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Location: Massachusetts, United States

Monday, October 24, 2005

The joys of paperwork

I've finally selected a start date for ATP: January 30, 2006. I couldn't be more excited and am eagerly counting down the days, but before D-day is set in stone I have mounds of paperwork to fill in and several hurdles to clear, not least of which is that of getting government authorization to begin my curriculum.
As a citizen of the greenest island in the Western world, I am required to clear any flight training with the kind folks at TSA, the Transport Security Administration. The agency ultimately has final say in whether "aliens" can pursue flight instruction. The new rule, which went into effect in late 2004, was not a factor when I began training for my private license. When time came to begin instrument training, however, I had to ask TSA for permission. The process was all in all painless. After filling out an exhaustive online application and paying the $130 fee, I went to my local police station to get fingerprinted and passed the cards on to Washington, where they completed my application. Three weeks later, an email from TSA allowed me to begin training.
Now, with my plans etched, I have to go through the process again. This time around, however, I'm a little more nervous about it because my entire future at ATP and beyond is contingent on TSA (ditto final enrollment at the school, closing the loan etc...) and, well, bureaucracies have been known to screw up.
My worries are anchored in the recent troubles experienced by an "alien" pilot in my neck of the woods.
Robert Gray, a British citizen born in Belfast, has been a C402 captain for Cape Air for four years and as such holds an ATP. The bulk of his training took place here, in the United States, where he has been living since 1993, flying commercially for seven years and is about to get married to an American citizen.
In November of last year, Gray, 35, was offered a job at Executive Fliteways, a private air charter company based in New York and submitted an application to TSA to receive training on the company's jets. Three months later, a TSA official sent Gray an email reading "based upon materials available to TSA, I have determined that you pose a threat to aviation or national security." No further explanation was provided to Gray, but he noticed that the agency had categorized him as Hispanic and had left out his two middle names, leading him to believe this was a case of mistaken identity.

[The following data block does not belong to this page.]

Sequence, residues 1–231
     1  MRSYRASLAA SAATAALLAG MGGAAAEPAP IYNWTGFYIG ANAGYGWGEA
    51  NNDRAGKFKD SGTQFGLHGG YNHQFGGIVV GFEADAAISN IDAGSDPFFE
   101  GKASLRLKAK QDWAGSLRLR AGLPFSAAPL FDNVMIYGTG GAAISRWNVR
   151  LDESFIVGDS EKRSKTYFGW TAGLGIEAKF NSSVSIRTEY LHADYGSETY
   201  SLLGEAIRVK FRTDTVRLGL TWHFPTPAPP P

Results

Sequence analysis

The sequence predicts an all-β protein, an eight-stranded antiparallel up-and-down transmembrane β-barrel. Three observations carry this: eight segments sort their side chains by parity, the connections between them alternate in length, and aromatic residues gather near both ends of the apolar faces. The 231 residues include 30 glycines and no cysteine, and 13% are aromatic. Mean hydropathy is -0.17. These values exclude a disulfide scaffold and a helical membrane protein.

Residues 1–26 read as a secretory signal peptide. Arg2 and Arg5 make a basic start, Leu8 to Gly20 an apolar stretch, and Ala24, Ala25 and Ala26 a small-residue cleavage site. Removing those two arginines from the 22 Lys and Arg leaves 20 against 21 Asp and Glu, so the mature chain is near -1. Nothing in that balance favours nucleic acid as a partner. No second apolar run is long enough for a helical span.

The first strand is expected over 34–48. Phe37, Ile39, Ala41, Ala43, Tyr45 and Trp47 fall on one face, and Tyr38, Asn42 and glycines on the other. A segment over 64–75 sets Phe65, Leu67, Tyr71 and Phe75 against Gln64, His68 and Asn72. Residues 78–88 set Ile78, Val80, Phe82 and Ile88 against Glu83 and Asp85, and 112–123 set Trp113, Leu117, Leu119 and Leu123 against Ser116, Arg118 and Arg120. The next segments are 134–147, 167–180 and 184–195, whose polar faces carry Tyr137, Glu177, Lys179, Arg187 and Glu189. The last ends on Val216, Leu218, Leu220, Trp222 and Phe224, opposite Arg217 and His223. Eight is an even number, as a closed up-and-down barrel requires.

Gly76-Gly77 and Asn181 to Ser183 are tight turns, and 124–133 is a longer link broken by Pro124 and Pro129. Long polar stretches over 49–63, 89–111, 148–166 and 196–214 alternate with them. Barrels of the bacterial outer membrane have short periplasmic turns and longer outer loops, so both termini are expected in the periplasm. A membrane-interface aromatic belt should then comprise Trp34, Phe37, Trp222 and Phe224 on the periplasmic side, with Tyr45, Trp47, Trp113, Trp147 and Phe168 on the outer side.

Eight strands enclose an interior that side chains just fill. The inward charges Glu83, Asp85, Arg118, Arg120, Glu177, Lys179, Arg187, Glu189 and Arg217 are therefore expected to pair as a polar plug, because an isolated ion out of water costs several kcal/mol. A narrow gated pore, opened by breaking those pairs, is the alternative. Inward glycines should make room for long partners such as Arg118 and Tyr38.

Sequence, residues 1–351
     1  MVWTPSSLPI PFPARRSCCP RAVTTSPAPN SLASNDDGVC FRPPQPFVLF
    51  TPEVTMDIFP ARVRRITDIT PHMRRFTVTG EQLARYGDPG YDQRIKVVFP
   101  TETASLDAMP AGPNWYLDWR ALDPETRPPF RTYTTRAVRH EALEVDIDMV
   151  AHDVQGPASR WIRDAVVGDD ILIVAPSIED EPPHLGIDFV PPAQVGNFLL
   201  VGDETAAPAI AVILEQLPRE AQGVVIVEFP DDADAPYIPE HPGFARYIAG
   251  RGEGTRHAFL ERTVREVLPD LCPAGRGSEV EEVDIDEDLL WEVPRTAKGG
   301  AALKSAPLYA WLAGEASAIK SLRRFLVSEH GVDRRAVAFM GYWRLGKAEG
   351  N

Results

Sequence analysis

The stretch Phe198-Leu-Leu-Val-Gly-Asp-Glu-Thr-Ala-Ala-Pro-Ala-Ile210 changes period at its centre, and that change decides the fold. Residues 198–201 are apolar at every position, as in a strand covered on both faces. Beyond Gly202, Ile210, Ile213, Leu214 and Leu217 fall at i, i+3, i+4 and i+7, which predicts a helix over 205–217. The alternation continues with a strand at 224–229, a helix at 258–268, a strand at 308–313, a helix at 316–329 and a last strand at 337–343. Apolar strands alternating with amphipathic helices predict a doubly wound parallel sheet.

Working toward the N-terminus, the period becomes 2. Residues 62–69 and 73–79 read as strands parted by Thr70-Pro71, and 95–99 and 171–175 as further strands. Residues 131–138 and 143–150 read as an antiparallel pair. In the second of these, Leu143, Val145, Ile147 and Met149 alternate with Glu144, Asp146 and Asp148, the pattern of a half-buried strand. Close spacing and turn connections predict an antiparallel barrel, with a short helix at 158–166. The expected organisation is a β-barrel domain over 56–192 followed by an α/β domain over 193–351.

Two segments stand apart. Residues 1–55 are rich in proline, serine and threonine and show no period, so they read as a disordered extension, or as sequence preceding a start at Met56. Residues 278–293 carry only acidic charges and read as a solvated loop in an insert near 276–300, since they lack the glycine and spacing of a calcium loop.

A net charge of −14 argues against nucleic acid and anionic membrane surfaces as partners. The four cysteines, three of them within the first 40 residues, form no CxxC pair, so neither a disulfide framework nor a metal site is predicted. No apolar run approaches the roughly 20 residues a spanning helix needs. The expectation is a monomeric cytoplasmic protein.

Fliteways subsequently withdrew their job offer and Gray filed a lawsuit against the agency seeking reversal of the ruling.
To make matters worse, TSA in September put Gray on its no-fly list, basically grounding him and ending his career at Cape Air. His lawyers called it retaliation for the lawsuit, but TSA denied it was.
Now, there's obviously a lot I don't know about this specific situation and perhaps TSA's decision is grounded in solid facts. However, if the agency is indeed wrong, the case should be a serious source of concern for us foreigners, the vast majority of whom mean no harm at all to anyone. This guy clearly paid his dues over the years and I have to wonder just what the government's decision was based on. If it is an error, which is entirely possible since TSA has to sift through 35,000 such applications every year, one has to wonder why there is little willingness to right the wrong.
Again, based on my previous experience with TSA, the process can be easy, fast and painless but one can't help to worry, especially when enrollement and financing are dependent on the process working effectively. Stay tuned for an update...
Hmmm.... paperwork... arghhhhhhhhhh.


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